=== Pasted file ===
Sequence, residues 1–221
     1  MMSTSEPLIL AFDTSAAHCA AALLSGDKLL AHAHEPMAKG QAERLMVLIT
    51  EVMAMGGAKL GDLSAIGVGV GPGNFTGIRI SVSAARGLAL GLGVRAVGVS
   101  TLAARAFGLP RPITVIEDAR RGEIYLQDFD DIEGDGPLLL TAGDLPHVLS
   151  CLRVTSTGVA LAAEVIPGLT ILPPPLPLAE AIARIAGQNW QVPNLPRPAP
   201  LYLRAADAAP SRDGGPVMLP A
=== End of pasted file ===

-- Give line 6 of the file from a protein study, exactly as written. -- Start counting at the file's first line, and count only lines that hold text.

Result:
   201  LYLRAADAAP SRDGGPVMLP A